Updated: Aug 29, 2018
Author: Dr. Olivier Vonk
In an interview with From the Square John Cheney-Lippold, author of We Are Data: Algorithms and the Making of Our Digital Selves, recently coined the term jus algoritmi – a variation on the concepts of ius sanguinis and ius soli, referring to the acquisition of nationality by descent and by birth in a particular territory, respectively. This algorithmic citizenship is a mode of identification that governments use to determine users’ citizenship status when no documentation is available. This audacious algorithmic identification attempts to recreate the idea of the “ideal citizen”, and thus the “ideal foreigner”, through an algorithmic analysis of available data: where one’s IP address is, to who one talks to and even to what language one speaks. In terms of privacy, NSA documents have shown that a user can be legally surveilled if their traffic is deemed to be “51% confidence foreign”. Because one’s “citizenship” is based on data—and only data (and not some permanent identity card of birth certificate)—it changes with every person you talk to, every time you travel abroad/cross borders, and even every time you change which language you speak.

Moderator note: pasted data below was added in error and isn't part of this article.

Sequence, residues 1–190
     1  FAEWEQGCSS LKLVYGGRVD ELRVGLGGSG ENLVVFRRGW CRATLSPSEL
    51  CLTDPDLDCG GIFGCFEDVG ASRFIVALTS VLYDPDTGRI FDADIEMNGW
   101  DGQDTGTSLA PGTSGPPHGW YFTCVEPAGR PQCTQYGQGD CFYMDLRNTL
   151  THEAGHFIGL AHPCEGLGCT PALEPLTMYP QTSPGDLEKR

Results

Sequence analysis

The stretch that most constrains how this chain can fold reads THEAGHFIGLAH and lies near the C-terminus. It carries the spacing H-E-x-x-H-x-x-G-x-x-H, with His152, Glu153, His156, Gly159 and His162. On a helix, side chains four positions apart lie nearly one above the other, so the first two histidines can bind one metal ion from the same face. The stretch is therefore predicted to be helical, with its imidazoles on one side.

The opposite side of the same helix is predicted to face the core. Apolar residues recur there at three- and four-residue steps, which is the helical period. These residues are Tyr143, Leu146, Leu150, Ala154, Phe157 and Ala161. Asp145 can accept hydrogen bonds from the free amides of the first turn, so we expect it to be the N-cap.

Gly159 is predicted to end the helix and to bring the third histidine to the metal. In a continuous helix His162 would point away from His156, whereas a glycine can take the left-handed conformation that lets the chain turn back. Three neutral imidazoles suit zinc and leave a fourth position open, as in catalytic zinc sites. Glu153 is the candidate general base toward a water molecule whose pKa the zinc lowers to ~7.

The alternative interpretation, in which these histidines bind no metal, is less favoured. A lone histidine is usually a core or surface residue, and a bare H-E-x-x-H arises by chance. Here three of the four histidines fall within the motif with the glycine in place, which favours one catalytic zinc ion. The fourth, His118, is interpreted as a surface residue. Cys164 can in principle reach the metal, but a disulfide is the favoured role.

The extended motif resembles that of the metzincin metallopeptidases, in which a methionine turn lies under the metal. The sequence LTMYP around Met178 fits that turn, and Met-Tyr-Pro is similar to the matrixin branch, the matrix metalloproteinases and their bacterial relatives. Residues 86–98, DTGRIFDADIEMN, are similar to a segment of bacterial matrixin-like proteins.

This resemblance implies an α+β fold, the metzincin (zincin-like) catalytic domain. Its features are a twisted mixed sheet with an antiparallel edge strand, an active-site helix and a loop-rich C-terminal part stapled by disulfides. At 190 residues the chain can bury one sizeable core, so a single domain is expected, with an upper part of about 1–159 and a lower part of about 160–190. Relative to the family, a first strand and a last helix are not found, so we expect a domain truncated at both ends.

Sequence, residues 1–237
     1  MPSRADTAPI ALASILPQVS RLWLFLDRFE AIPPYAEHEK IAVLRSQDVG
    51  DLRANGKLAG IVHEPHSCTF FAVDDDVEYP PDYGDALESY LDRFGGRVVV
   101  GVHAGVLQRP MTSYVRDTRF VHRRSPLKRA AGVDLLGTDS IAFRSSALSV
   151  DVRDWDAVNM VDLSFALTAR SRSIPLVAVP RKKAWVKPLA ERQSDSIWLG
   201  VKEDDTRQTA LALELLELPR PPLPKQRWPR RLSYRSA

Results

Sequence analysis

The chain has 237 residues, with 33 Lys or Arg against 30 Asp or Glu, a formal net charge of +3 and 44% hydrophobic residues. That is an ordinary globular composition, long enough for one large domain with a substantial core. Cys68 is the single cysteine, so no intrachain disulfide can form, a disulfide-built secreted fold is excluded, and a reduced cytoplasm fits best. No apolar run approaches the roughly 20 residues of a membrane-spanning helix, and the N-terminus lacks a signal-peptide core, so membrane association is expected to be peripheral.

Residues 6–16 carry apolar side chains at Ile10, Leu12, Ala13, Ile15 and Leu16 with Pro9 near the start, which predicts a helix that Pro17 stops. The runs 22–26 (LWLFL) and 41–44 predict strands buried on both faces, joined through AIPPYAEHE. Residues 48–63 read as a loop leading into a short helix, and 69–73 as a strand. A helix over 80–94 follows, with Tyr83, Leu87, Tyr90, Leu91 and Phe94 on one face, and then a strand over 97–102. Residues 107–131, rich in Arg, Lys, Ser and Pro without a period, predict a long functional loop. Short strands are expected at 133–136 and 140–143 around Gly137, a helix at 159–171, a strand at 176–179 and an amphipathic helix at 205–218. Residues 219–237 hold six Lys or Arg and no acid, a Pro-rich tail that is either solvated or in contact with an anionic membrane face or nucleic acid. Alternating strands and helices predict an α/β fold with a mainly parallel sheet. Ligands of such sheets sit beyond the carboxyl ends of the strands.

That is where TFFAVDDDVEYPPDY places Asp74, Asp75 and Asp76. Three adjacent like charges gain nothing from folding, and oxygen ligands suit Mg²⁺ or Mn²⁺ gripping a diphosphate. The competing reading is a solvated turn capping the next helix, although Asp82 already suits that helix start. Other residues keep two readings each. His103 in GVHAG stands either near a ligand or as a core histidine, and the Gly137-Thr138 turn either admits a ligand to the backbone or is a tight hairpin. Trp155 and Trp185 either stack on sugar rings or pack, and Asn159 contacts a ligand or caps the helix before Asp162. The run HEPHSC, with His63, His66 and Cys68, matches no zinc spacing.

The idea of algorithmic citizenship, and ‘dataisme’ more generally, rests in his view on an overly optimistic belief in the possibility to describe reality through data – a belief which also presupposes that ‘more data’ invariably leads to ‘more truth’. Cheney-Lippold stresses, however, to what extent data are sometimes plainly wrong, incomplete, or lack proper context, and therefore essentially draw an incomplete picture. The idea of algorithmic citizenship has been artistically visualised by James Bridle through Citizen-Ex.